Do some research yourself, Another Kenton School Worker. Nobody can make any such quarantees. The Transfer of Undertakings, Protection of Employment regulations (TUPE) will protect employees at the point of transfer from one employer to another. They will not protect new staff. They will not prevent present staff from having changes imposed on them later, as is happening in many another academy.

    The head and governors, estimable persons though they may be, simply cannot make guarantees about what happens when they’ve moved on, and your ‘independent solicitor’ should know that.

    One of the aims of Gove’s academy scheme is to kick-start the process of destroying teachers’ national pay and conditions. It won’t happen overnight. It might take decades.

    But Gove has given each academy the power to set pay and conditions, because he wants to replicate what has happened in the further education sector. Twenty years after FE colleges were given those some powers, FE teachers have seen their pay and conditions fall behind those of school teachers, with FE managers lining their pockets. Already, academy pay structures are being loaded towards managers at the expense of classroom teachers.

    That’s why your colleagues are on strike, and why so many other teachers support them.

  73. London school worker says:

    Well done to the strikers at Kenton, whose students were also on the picket line to show support. Nice pic and report here.

  74. Heaton Manor Teacher says:

    Best of luck, Kenton, in your bid to fend off academy status – I can’t believe so many schools have taken this huge step and taken on academy status almost overnight. How can this possibly be in the best interests of the school community? Good on you!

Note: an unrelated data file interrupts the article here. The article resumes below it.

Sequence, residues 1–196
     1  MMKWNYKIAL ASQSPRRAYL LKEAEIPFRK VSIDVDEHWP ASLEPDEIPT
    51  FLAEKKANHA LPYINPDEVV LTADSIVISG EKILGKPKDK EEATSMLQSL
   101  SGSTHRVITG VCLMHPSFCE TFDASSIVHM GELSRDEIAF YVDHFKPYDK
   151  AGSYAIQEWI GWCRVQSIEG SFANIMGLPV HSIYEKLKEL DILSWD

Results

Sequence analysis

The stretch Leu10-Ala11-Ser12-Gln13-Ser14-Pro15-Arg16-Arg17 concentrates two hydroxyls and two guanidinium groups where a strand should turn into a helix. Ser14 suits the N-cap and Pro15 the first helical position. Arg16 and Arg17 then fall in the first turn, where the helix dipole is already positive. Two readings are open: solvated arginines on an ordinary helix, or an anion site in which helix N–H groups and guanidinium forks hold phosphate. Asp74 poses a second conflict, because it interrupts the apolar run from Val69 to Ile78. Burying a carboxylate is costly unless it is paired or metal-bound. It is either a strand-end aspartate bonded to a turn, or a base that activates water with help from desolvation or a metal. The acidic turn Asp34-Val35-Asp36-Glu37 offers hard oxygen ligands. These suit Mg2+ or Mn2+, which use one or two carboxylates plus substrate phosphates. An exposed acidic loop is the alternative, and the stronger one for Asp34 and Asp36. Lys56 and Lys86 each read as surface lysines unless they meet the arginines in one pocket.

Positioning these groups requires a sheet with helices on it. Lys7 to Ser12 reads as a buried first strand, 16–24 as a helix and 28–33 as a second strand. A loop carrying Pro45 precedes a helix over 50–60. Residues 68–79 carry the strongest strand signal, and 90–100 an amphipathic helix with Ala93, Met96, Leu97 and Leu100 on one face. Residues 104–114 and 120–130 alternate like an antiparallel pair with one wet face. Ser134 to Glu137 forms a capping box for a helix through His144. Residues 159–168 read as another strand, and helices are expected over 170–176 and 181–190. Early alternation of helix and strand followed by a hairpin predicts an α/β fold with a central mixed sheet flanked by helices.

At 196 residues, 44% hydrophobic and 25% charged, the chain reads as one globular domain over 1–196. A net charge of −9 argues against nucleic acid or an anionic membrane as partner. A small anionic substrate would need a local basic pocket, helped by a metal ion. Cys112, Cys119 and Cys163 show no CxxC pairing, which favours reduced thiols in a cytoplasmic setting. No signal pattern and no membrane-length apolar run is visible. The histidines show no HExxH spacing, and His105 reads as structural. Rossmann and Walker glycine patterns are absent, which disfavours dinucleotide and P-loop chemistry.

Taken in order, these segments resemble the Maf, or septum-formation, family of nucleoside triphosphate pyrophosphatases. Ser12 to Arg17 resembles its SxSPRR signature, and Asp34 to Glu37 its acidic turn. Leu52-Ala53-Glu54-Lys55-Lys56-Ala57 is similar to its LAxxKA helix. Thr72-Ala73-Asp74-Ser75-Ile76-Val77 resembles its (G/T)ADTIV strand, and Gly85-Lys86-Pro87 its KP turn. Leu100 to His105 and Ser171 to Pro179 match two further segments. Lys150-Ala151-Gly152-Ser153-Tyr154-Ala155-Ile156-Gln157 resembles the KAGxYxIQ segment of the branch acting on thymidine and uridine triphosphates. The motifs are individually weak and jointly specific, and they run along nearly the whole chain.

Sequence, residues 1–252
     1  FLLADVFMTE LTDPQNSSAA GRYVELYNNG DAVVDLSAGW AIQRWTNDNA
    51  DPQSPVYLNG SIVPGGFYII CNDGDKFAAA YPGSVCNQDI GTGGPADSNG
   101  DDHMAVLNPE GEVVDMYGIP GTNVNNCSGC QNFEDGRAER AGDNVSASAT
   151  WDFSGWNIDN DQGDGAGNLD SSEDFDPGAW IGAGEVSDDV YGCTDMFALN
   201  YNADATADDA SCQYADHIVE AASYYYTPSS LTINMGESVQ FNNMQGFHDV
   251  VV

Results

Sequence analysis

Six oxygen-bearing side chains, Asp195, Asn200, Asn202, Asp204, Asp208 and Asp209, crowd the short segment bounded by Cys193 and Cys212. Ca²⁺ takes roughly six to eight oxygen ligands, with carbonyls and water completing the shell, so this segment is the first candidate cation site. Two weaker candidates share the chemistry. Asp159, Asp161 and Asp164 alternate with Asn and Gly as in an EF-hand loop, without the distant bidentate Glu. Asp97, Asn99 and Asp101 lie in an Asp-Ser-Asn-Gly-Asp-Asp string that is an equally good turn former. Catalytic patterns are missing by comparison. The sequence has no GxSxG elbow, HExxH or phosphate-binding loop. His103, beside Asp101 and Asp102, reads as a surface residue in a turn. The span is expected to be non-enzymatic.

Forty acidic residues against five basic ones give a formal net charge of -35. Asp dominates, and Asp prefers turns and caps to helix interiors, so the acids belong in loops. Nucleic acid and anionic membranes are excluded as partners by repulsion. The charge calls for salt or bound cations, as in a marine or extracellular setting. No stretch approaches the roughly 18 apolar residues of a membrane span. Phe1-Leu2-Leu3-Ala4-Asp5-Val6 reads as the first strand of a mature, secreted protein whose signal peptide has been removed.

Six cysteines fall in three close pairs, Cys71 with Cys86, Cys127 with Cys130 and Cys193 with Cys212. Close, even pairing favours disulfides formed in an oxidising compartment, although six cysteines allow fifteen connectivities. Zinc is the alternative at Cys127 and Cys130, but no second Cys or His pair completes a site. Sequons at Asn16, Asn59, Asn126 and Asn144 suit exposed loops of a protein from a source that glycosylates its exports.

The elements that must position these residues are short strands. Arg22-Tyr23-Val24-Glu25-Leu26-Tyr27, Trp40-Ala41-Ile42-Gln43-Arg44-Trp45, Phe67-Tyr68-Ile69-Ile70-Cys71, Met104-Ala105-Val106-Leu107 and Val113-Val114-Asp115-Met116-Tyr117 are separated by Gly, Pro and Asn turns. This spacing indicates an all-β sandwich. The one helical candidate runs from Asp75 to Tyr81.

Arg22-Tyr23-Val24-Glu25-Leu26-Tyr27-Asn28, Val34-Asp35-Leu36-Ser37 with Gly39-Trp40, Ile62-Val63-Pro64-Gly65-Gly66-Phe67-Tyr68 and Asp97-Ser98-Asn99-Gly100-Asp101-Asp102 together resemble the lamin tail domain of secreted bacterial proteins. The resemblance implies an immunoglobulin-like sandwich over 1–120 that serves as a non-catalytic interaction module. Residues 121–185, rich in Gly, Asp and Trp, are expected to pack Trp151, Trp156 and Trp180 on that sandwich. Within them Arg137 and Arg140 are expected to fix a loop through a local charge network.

75. Another Kenton School Worker says:

    Of course, the figure in my first sentence should be 46%…I typed 48% while still having the figure of 52% that the other user had typed in my head.

  76. Another Kenton School Worker says:

    It was actually 56 per cent of staff in; so one must wonder where the unions get the idea that the overwhelming majority are against the school becoming an academy. The other 48% were certainly not on the picket line either…many felt duty bound by unions (or worse, in some cases, bullied) to stay off. others were off sick…several felt too afraid to cross a picket line. The ‘protest’ outside looked busy…but how many of those were actually striking teachers of Kenton? The union said over 100…not true at all. People from other schools, and even friends of staff were pulled along in the desperate bid to make out the entire workforce was against the notion. The unions fed to the press that 200 staff voted for strike action…again another lie. It was less than 100. Their other accolade was the overwhelming support that their Facebook page mustered…a massive 900 people. of course, they forgot to mention that this page added people without their permission and, on many occasions their knowledge! There are no more than 15-20 vocal members on that page…and only about 4 teachers from the school! It has gotten to the stage where teachers have begun to cross dangerous professional boundaries by trawling through current student’s Facebook pages and added them. Another desperate union method was to get their own relatives, friends, friends of friends and their goldfish just about to spam governors with postcards saying no to the academy. One suggestion was that people should make up names and send them out! And yet…the main argument of the unions is that senior management lie and mislead. Hypocrisy much?